8. Strike while the iron’s hot. At this moment there remain small leftist parties led by politicians who didn’t follow Syriza in capitulation to austerity. Their positions strongly evoke Syriza’s back in 2015, the difference being that now they are all convinced that rupture from the Eurozone is a precondition for any critique of the bailout programs. The bad thing is that they missed the historic opportunity they had back when the world was actually interested in these views.


9. In the end, the creditors never backed down. It sounds silly to say so now, but Syriza's negotiating strategy was premised on the belief that there was no way that the creditors wouldn’t back down. Some thought from the outset that this was an ill-chosen approach, while others confessed once the party was over that they had been delusional and so on. But the lesson we should take away is that it is inconceivable that there should have been no exit strategy in place, in case of the failure of the original plan. The paradigmatic moment was Paul Krugman’s inability to believe it possible that the Greek government did not actually possess its notorious Plan B. In other words, why would they allow you to win the negotiations if you don’t actually have an exit plan? This is old news, but the takeaway is that the optimism was both unfounded and fatal.


What, then, would have needed in order to sketch out a plan that was not completely doomed? A detailed plan articulated with the outspokenness that gives strength to the desperate, without the scaredy-cat politicking. We lacked both answers and courage.


All of this brings us back to the question of exactly what it means to be a member of the Left. Let me propose an idea: a member of the Left is someone who believes that the world can, with effort, risk, and struggle, actually change. When someone wants to change the world but fears the closure of the banks, he is simply ridiculous—a member of neither the Left nor the Right.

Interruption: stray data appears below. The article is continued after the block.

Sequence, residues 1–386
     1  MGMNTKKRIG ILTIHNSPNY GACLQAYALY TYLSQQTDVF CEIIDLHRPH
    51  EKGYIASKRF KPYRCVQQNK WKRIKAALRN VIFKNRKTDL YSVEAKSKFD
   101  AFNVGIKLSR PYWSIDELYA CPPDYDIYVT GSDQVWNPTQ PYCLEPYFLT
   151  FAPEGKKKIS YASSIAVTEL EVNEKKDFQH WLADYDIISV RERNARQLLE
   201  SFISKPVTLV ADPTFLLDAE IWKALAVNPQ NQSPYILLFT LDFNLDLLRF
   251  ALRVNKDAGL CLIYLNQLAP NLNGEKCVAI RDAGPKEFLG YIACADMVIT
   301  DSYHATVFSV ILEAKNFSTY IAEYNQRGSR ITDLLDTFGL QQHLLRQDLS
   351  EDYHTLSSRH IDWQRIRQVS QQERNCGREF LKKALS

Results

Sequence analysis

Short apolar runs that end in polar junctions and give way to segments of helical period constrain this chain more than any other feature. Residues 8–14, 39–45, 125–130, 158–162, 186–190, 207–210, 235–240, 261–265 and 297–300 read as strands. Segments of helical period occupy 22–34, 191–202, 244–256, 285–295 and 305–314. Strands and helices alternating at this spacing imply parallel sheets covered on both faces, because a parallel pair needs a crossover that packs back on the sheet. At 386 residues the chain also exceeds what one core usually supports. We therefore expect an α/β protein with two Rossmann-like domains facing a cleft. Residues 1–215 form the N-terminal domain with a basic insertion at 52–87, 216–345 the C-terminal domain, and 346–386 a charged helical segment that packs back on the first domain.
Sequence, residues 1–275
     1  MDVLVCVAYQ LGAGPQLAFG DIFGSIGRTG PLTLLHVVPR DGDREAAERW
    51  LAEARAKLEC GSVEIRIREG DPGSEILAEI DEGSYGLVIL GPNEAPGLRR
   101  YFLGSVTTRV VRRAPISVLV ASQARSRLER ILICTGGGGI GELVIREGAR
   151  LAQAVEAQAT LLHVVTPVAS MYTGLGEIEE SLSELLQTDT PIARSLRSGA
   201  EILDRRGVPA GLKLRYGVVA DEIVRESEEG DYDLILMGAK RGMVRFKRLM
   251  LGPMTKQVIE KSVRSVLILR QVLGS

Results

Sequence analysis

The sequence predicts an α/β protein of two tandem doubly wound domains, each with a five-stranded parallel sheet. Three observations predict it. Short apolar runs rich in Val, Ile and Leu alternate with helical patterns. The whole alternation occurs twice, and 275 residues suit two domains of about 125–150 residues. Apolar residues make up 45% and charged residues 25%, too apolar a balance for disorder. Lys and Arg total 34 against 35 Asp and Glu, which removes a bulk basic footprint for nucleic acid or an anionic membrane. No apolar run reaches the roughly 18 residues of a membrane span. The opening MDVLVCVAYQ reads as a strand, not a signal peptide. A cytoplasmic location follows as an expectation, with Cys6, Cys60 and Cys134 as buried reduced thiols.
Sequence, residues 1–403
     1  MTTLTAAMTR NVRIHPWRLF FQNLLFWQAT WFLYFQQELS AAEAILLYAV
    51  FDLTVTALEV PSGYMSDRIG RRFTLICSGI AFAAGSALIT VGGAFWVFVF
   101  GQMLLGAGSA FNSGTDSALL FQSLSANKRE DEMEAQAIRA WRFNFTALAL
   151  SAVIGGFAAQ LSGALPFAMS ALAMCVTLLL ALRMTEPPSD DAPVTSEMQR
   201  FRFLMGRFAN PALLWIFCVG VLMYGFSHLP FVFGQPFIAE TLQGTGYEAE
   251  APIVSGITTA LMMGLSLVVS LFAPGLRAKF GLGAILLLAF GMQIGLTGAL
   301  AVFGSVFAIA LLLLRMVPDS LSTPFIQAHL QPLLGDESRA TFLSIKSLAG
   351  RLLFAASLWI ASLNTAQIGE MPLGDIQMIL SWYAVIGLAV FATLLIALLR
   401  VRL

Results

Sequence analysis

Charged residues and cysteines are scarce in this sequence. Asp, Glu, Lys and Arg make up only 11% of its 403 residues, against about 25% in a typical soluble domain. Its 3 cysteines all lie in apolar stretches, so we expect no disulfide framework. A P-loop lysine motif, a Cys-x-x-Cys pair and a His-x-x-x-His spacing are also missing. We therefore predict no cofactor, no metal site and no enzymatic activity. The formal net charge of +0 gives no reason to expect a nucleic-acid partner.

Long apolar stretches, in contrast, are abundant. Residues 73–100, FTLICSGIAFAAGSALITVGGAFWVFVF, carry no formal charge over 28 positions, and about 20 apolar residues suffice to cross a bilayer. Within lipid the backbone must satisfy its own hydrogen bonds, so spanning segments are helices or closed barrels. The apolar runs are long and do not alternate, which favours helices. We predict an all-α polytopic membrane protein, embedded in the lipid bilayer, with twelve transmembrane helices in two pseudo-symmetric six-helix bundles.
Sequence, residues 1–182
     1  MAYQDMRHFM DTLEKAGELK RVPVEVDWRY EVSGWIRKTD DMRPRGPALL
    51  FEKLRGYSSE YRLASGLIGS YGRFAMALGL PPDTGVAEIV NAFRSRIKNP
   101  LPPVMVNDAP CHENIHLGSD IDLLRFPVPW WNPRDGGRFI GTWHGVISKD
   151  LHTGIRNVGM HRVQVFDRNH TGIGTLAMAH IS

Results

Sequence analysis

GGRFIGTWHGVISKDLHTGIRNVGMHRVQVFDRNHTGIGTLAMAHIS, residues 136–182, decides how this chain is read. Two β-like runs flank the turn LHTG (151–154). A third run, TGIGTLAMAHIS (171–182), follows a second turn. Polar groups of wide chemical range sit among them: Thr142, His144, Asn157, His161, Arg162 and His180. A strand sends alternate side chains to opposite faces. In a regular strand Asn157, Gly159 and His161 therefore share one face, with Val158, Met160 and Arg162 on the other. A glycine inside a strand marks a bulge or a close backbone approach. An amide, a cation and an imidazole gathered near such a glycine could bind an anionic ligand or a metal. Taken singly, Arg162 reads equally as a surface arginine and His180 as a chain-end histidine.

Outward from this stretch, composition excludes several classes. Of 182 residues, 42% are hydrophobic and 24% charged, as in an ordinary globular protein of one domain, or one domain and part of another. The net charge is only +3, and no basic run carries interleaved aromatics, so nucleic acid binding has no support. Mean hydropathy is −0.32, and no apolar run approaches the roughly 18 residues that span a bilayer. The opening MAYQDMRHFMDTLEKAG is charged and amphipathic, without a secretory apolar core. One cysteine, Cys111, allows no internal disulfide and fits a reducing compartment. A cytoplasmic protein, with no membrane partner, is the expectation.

The notion that a political exit was possible and that it did not require rupture was a lullaby when what we needed was a battle cry. Again, with the privilege of hindsight, we can safely say one thing: unfortunately, the whole current of objection to the bailout programs, as articulated primarily by the Aganaktismenoi, was wiped out when we bet on a lame horse called Syriza. It was convenient for Syriza, and especially for our creditors, to claim that a solution could be reached without conflict. The result of the referendum showed that, under certain conditions, the people would indeed have been willing to fight.  

 

Now we know that the next time a mainstream journalist says "what you’re asking is risky" the response needs to be "to battle!" and not some statement of compliance made to avoid worrying the world, the voters, the markets, and whoever else. Only right now there doesn’t seem to be a next time, only a landscape so deserted, and tacitly compliant, that it sends shivers down the spine.

2018-08-18 21:31:39